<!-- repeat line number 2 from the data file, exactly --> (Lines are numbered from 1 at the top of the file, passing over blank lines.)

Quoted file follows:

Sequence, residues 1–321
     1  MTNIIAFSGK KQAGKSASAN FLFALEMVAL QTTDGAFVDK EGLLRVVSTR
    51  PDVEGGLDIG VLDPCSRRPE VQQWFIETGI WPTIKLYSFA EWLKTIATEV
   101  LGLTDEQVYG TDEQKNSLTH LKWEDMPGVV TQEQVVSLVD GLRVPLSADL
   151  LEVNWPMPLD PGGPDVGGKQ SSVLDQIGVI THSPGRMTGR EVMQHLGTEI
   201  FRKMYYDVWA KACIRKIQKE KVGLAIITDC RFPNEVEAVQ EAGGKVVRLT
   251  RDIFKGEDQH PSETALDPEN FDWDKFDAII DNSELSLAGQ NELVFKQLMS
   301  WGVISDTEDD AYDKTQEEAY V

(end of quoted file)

     1  MTNIIAFSGK KQAGKSASAN FLFALEMVAL QTTDGAFVDK EGLLRVVSTR